Current position: Advocate SC
Date appointed: Awarded silk in 2014
During his career as a lawyer Zilwa has been involved in some of the most controversial cases in the Eastern Cape, including the battle over the exhumation and reburial of the remains of former president Nelson Mandela’s children and a case questioning the legitimacy of the ANC’s 2017 Eastern Cape provincial conference where delegates hurled chairs at each other during bouts of violence.
According to his application form, Zilwa has acted “almost annually” in the Eastern Cape High Court from 1997. In 2008 and 2010 he also acted at the Labour Court in Johannesburg.
In 2013, as part of a full Bench in the Eastern Cape, he agreed with the reduction of a rapist’s sentence from life imprisonment to 20 years. He did this after a co-accused in the rape trial had previously appealed separately and seen his sentence similarly reduced.
“I am of the view that a lengthy term of imprisonment, but not life imprisonment, is called for and it would meet the justice of the case. I see no reason to deviate from the 20 year imprisonment term that was imposed on appeal to the other person who was convicted of the same offence, which sentence I consider just and proper in these circumstances,” Zilwa found.
Zilwa, who was nominated by the National Association of Democratic Lawyers (Nadel) branches in Mthatha and Border has represented clients at the Truth and Reconciliation Commission (TRC) and was the chief evidence leader of the 2005 Pillay Commission which had investigated financial irregularities in the Eastern Cape government.
He studied at the University of the Transkei (now Walter Sisulu University) where he obtained a B Iuris (1985) and an LLB (1992). He was admitted to the Bar in 1993 and was awarded silk in 2014. In 1991 and 1992 he worked as a state advocate for the now defunct Transkei government and also served as a magistrate and prosecutor in the 1980s.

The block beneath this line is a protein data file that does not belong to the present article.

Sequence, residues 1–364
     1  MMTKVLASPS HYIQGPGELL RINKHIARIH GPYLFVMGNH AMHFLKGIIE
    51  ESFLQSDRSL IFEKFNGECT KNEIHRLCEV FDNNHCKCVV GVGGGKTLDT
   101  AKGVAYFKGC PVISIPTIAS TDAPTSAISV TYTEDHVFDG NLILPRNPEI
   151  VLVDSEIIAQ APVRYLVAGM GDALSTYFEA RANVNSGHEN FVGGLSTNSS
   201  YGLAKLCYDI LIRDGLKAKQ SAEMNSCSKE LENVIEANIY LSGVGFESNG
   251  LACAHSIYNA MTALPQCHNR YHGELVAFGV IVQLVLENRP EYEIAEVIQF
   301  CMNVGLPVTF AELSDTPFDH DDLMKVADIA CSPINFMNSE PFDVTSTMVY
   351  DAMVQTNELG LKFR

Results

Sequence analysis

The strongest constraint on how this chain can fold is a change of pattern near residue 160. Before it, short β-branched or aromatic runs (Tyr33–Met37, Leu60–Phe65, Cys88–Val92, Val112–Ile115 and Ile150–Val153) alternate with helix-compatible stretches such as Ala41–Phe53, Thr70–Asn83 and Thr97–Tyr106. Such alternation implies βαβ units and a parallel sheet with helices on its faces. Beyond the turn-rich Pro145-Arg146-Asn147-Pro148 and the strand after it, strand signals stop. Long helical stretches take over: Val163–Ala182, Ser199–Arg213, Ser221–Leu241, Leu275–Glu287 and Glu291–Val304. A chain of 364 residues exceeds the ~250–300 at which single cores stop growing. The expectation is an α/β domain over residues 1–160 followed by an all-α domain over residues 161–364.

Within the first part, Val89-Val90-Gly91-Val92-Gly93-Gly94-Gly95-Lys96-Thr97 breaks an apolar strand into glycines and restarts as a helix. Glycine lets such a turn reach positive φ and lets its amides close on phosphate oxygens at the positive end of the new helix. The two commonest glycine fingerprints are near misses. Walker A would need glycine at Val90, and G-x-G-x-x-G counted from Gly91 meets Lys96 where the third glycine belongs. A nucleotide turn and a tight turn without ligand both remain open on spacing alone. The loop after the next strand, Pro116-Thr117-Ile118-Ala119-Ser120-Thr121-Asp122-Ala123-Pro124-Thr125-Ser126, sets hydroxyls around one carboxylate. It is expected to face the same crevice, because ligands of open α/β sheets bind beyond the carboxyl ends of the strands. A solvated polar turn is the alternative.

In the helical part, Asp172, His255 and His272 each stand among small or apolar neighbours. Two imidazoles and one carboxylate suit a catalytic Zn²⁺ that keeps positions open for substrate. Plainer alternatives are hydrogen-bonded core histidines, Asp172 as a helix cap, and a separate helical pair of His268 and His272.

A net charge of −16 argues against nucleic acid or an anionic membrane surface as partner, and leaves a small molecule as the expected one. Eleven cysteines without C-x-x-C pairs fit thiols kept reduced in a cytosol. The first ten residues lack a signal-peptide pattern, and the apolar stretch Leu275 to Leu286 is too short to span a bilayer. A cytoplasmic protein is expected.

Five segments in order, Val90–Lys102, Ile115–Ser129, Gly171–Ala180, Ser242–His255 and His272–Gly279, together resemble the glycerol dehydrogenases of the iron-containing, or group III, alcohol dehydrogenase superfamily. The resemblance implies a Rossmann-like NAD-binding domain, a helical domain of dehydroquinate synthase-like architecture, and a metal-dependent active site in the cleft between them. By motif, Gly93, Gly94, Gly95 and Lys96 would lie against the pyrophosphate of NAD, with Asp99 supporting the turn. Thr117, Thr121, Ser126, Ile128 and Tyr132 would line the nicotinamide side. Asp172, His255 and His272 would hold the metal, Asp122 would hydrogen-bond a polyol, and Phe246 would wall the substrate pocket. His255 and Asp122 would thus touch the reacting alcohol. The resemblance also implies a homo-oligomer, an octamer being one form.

October 2019 interview:
October 2019 Interview Synopsis:
Most people would use the phrase ‘doing time’ to indicate the period they spent in jail, but Phillip Horatius Zilwa SC had something else completely in mind. Asked by the Chief Justice how long he had spent as an acting judge, he replied that his first acting stint had been in 1997, but that he had been ‘doing time every year’ since then.
He had been asked repeatedly since 1997 to make himself available to take a permanent post, but he had always felt he was not ready – until now.
Financial considerations had been among the factors that had held him back, ‘but now I feel I have to think more broadly,’ he said.
A particularly strange interaction came near the start of the interview, when the Judge President of the Eastern Cape, Selby Mbenenge, said that in his application, Zilwa had listed very few reported judgments either in his capacity as counsel or as an acting judge. Mbenenge said he had taken it on himself to do some research into the matter. He then listed a number of reported cases and asked Zilwa to confirm that he had been counsel in those matters, then added that he had found some 22 judgments delivered by Zilwa as an acting judge.
Why had Zilwa not listed these cases, I wondered – there is plenty of space to do so on the application form. And why had the JP decided to research the matter himself and present the results to the JSC?
Three issues stood out in Zilwa’s interview: questions about his background through which he indicated how he had pulled himself up from poverty; his repeated declaration of religious beliefs, and his views on how black lawyers should be empowered by government work.
Zilwa said he had been the last of nine children. His mother told him he had been an ‘accidental baby’. Both parents were ‘no longer young as he grew up’ and after matric he had to look for work to pay university fees. ‘I worked as a dishwasher and a night watchman and then as a chef.’
Did he have a message of hope for people ‘like you’? The circumstances of your family cannot shape your destiny, he said. People needed ‘God and discipline and drive’.
How had he, as a black practitioner, managed to build up such a good practice, he was asked. ‘I am a Christian’. Everything he had achieved was ‘by God’s grace.’ Thanks to God’s grace ‘from Day One I have never not had work.’
‘There is nothing special about me. It was all through God’s grace and work.’ But he had ‘another trick’ he said. When he appeared in court against a client who had chosen someone else as counsel, ‘I would hammer them (counsel for the opposition) and next time they (the client) would come running to ask for me.’
He further discussed with the JSC that government work ought to be made available to black practitioners – possibly even by making it mandatory for 70% of legal work in any field to go to black practitioners.
The JSC and Zilwa also discussed the problem that some black lawyers appeared reluctant to accept or apply for government work.
Advocate Phillip Zilwa SC was recommended for appointment.